High above the entrance to Cohasset Harbor, across the water from Bassing Beach, there stands a stately building called Bellarmine House. Owned by Boston College, it has long served as a vacation site, a respite from the teaching and other ministries performed by the members of the Society of Jesus (the Jesuits). I mention this because on Monday we celebrate the feast day of St. Robert Bellarmine, Jesuit, priest and Doctor of the Church. Born in 1542 Robert Bellarmine was ordained a priest, a member of the Society of Jesus, at the age of 28. His first task was as professor of theology at the University of Louvain, Belgium, and later in Rome. He was recognized as a brilliant scholar and preacher. Later named a Bishop and then a Cardinal, he was called by Pope Clement VIII to be papal theologian. As a writer he was an impressive apologist for the Church in the post Tridentine era (Council of Trent) at the time of the Counter Reformation. He upheld the rights of the pope to interfere in temporal affairs and he spoke out against the divine rights of kings, which earned him some opposition. These are not burning issues of our times, but in the late 16th and early 17th centuries they had to be dealt with, and Robert Bellarmine was equal to the task. Scientists may remember that it was St. Robert Bellarmine who delivered the admonition to Galileo not to press the theory of Copernicus on the sun as the center of the universe.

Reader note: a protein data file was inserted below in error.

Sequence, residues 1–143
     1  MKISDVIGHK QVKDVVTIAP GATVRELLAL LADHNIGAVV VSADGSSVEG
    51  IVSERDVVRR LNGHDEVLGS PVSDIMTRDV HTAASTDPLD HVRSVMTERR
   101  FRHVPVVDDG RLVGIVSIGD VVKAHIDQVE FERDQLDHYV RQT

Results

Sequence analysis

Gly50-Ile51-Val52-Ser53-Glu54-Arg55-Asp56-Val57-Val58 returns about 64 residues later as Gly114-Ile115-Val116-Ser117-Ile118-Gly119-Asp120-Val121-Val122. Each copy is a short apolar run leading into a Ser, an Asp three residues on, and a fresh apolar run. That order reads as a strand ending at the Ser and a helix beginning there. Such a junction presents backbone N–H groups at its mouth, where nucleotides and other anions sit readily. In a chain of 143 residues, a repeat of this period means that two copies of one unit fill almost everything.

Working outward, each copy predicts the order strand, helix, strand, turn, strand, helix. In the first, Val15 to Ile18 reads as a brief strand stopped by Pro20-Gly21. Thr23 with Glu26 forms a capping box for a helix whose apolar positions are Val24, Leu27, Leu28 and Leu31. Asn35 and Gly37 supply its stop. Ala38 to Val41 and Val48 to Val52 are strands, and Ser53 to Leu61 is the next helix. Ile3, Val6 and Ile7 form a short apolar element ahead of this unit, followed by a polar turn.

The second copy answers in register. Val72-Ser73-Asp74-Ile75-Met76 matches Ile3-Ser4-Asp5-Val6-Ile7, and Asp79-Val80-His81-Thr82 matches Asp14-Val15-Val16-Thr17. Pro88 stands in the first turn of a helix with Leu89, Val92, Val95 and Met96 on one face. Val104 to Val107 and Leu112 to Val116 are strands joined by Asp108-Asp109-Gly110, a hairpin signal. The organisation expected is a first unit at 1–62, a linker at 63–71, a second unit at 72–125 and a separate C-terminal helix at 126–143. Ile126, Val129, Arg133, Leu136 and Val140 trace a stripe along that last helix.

In his personal life, Robert Bellarmine was an austere ascetic, and tried always to lead his life as closely as possible like the poor of his day. To them he always was kind and generous, sharing all that he had. Thomas Jefferson, in writing the Declaration of Independence, incorporated the teaching of St. Robert Bellarmine on the inalienable rights of the person. Bellarmine lived in stormy times. The decades following the Council of Trent were charged with emotion. We learn from him that then as now there are matters that can change, but there were also lasting and permanent truths and realities that do not. In the last years of his writing, Bellarmine turned to spiritual matters, commenting on the scriptures and incorporating his reflections into his writings and his preaching. He died in 1621 and the following year he was declared a Doctor of the Church. Canonized a saint in 1930, today he is hailed as the patron saint of catechists and catechumens.
Fr John R. Mulvehill